Full Text at:

["When budget cuts threatened the state match for federal child care funding, Colorado Children’s Campaign advocates worked with the state legislature and a nonprofit called Educare to arrange for private funding to take the place of state dollars, securing the federal money and child care slots for some 6,000 children." Connect for Kids (February 18, 2003).]

[Request #S7512]

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At the Starting Line: Early Childhood Programs in the 50 States. By the American Federation of Teachers. (The Federation, Washington, DC) December 2002. 92 p.

["This study found that forty percent of preschool staff members have only a high school diploma and turnover rates range from 30 percent to 50 percent annually across the states. This study examined issues of access and quality in statewide preschool programs, as well as kindergarten programs for 5-year-olds. It concludes that low salaries and a lack of benefits make it difficult to attract college-educated teachers to the field." Education Week On the Web (March 5, 2003).]

[Request #S7513]

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Behavior Problems in Preschool Children: Clinical and Developmental Issues. By Susan B. Campbell. (Guilford Press, New York, New York) 2002. 334 p.

[Includes: "Developmental Issues;" "Clinical Issues;" "Sibling Relationships and Young Children's Development;" "Peer Relationships and Young Children's Development and others." NOTE: Behavior Problems in Preschool available for 3-day loan.]

[Request #S7517]

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"Parental Leave: The Impact of Recent Legislation on Parents' Leave Taking." By Wen-Jui Han and Jane Waldfogel. IN: Demography, vol. 40 no. 1. (February 2003) pp. 191-200.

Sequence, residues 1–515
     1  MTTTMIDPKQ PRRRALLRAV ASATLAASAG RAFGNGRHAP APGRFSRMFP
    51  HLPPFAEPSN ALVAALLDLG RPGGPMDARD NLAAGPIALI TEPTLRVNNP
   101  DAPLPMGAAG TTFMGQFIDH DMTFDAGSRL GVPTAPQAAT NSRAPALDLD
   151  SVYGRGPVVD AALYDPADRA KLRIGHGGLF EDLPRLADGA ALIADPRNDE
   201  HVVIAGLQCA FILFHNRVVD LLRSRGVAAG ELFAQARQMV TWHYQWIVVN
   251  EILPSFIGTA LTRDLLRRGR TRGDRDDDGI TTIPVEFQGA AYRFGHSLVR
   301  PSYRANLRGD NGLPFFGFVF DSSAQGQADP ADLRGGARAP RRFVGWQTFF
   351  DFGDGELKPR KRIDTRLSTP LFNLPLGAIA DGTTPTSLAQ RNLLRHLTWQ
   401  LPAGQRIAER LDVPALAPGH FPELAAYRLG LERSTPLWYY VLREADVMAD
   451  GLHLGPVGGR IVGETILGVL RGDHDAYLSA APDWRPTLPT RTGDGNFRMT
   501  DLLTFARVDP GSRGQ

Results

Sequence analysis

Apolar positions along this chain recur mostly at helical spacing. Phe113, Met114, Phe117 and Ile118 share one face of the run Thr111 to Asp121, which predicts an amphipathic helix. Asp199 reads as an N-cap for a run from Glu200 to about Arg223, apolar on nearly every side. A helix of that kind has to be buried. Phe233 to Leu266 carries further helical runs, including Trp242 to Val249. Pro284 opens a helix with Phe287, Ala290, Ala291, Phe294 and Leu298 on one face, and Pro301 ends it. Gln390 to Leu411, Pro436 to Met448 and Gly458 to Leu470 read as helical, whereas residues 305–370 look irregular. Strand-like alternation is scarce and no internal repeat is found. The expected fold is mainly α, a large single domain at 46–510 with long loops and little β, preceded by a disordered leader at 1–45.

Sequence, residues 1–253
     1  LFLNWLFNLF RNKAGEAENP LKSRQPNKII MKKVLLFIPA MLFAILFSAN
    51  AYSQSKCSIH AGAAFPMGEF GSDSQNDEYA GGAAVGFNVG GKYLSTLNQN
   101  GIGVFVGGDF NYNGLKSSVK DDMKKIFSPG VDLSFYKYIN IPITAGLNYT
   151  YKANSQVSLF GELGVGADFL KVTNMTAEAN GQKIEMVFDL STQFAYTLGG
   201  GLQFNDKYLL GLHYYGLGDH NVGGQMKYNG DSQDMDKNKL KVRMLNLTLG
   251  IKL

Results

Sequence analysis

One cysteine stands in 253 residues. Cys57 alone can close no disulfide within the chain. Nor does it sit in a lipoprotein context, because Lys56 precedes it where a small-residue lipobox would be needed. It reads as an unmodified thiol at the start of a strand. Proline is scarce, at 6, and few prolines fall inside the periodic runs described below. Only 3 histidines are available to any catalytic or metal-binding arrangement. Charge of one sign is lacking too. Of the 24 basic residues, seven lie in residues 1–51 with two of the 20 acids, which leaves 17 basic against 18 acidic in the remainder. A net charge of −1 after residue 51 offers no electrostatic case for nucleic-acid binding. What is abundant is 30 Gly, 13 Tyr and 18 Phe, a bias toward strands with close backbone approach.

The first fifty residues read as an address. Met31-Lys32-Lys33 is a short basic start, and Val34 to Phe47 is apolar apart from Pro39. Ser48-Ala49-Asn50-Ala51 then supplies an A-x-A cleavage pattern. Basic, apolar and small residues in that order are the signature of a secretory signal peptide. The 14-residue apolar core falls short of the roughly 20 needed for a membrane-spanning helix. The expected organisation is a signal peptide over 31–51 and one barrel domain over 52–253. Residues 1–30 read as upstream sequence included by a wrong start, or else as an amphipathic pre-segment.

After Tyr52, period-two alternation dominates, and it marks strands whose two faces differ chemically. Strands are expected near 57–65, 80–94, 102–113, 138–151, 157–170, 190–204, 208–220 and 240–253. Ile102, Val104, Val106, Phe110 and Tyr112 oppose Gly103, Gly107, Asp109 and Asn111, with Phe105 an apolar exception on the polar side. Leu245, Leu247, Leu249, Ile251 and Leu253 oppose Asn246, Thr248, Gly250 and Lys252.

["A new study ... reported that the Family and Medical Leave Act has not increased leave-taking by new fathers at all and had increased new mothers' leaves only slightly." The Sacramento Bee (March 3, 2003) D3.]

[Request #S7514]

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Knowledge Path: Oral Health and Children and Adolescents. By the National Center for Education in Maternal and Child Health, Georgetown University. (The Center, Washington, DC) January 2003. 19 p.

Full Text at:

["Even though tooth decay can be prevented by a combination of treatments--water fluoridation, professionally applied topical fluorides and dental sealants, and fluoride toothpastes--dental caries is the most common chronic disease of childhood. The new edition of the Oral Health and Children and Adolescents knowledge path offers information for policymakers, health professionals, researchers and families." Connect for Kids (March 3, 2003).]

[Request #S7515]

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Children in Working Poor Families. By Child Trends. (Child Trends, Washington, DC) February 20, 2003. 8 p.

Full Text at:

["Children in working poor families are substantially less likely to receive TANF or Food Stamps than poor children whose parents do not meet the work threshold. They are about equally likely to be covered by health insurance, a positive change from the mid-1990s when they were less likely to be covered. Working poor families with children are also somewhat more likely to own their homes than other poor families with children, though they lag far behind their nonpoor counterparts in this measure of wealth."]

[Request #S7516]

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[The following studies, reports, and documents have been ordered or requested, but have not yet arrived. Requests may be placed, and copies will be provided when the material arrives.]



"The Association of Early Childhood Caries and Race/Ethnicity among California Preschool Children." By C.H. Shiboski and others. IN: Journal of Public Health Dentistry, vol. 63, no. 1. (2003) pp. 38-46.

["The authors explored the role played by race/ethnicity, controlling for other socioeconomic variables, in the occurrence of early childhood caries among California preschool-age children enrolled in Head Start as well as among those not enrolled in Head Start." National Center for Education in Maternal and Child Health and Georgetown University's MCH Alert (March 7, 2003) 1.]

[Request #S7518]